Make Annual Well Visits a Priority to Stay Heart Healthy

June is National Men’s Health Month

As an internal medicine physician with Shore Physicians Group’s Northfield office, Dr. Maria Cerna is just as passionate about helping her patients prevent illness as she is about treating them when they are sick. However, in order to help her patients remain healthy, they first need to come see her for their annual well visits – something most men are reluctant to do. In fact, in the 2019 Cleveland Clinic MENtion It® study, they found that 72% of men would rather do household chores than see the doctor – including mowing the lawn and cleaning the bathroom.

Prevention First

June is Men’s Health Month, which Dr. Cerna sees as a great time to encourage men to make annual well visits an important part of their lives. Dr. Cerna cites some concerning statistics about men’s health from the CDC and the Cleveland Clinic study:

  • Men die on average 5 years earlier than women
  • 60% of men don’t go to the doctor unless seriously ill
  • 65% of men try to self-diagnose before going to the doctor
  • 82% of men say they try to stay healthy to live longer for friends and family who rely on them, yet only 50% engage in preventative care
  • 20% of men admit they have not been honest with their doctor, citing concerns with feeling a sense of shame or judgment

While these statistics may be startling, Dr. Cerna sees it as an opportunity to help encourage men to see their doctor each year and get regular health screenings.

“Quality health care for everyone includes appropriate preventive care to attempt to lessen future health decline, which should be an important aspect of any medical practice. I encourage all my patients to get regular health screenings for early detection and treatment of multiple diseases including heart disease, cancer and depression,” said Dr. Cerna.

Heart Disease is the #1 Killer

One of the most serious health issues in men is heart disease. According to the American Heart Association, heart attacks cause 1 in 4 deaths in men, followed by cancer which kills 1 in 5 men.

“High blood pressure is the number one factor that leads to heart disease and more than 50% of men unknowingly have high blood pressure. Most of the time these conditions may not have symptoms, so checkups help identify issues early. More than 40% of men above age 20 are obese which contributes to heart disease,” says Dr. Cerna.

Know Your Numbers

Dr. Cerna says that knowing simple things like your numbers for blood pressure, blood sugar, cholesterol and BMI can help identify problems early before they become potentially full blown serious health issues. “Knowing your cardiovascular disease risk score (ASCVD score) helps us make appropriate decisions regarding treatment and prevention. One of the easiest ways to get your ASCVD risk score is at your annual physical exam,” says Dr. Cerna.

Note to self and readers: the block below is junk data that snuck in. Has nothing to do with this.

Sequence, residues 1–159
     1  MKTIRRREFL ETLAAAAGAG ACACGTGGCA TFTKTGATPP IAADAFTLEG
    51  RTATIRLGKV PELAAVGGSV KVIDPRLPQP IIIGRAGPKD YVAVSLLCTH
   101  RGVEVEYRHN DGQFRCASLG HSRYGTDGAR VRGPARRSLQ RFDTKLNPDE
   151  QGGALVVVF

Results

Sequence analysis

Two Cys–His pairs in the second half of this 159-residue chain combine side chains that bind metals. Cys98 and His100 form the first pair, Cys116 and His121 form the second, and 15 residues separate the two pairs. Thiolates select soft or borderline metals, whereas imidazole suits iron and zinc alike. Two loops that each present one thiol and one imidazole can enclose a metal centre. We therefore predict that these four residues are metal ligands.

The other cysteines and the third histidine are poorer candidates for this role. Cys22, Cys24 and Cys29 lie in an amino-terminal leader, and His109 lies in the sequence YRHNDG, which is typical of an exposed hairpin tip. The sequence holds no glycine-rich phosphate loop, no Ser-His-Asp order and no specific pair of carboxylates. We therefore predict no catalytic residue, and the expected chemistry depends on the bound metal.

The great news about improving cardiovascular health, Dr. Cerna says, is that there are many small steps she can help her male patients with to lower their risk of heart disease. Checking in with your doctor once a year can help keep you track with those lifestyle changes, which include:

  • Exercising: Dr. Cerna recommends at least 30 minutes of moderate to intense physical activity 4-5 times a week. She says, “Inactive people are twice as likely to develop heart disease. Once you start exercising regularly, it won’t feel like such a chore because you will start feeling much better!”
  • Quitting smoking: Seek help from free quit resources, such NJ Quit Line. Just call 1-866-NJSTOPS to get started!
  • Adding more fruits and veggies to your diet: According to the CDC, only 1 in 10 adults eats enough fruits and vegetables. Adult men need at least 2 cups of fruit and 3½ cups of vegetables each day. A dietitian can help you develop a healthier eating plan and stick to it.
  • Limiting alcohol intake: The American Heart Association recommends men have no more than two drinks per day.
  • Making prevention a priority: See your doctor every year and make sure you’re getting recommended health screenings.

Dr. Cerna said that it is never too early to start taking care of yourself and making regular doctors’ visits a priority. She shares this quote by Robert Baden-Powell, a British soldier, national hero, educator and writer who founded the Scouting movement: “Happiness doesn’t come from being rich, nor merely from being successful in your career, nor by self-indulgence. One step towards happiness is to make yourself healthy and strong while you are a boy so that you can be useful and so you can enjoy life when you are a man.”

“This is the best time to empower men to make time to develop a health plan, just like you make a financial plan. Remember, you will not be able to enjoy that money if you do not plan for a good health.”

Dr. Maria Cerna is a primary care physician with Shore Physicians Group’s Northfield office located at 2605 Shore Road. Dr. Cerna is fluent in English and Spanish. To learn more and schedule an appointment, please call the Northfield office at 609-365-5300.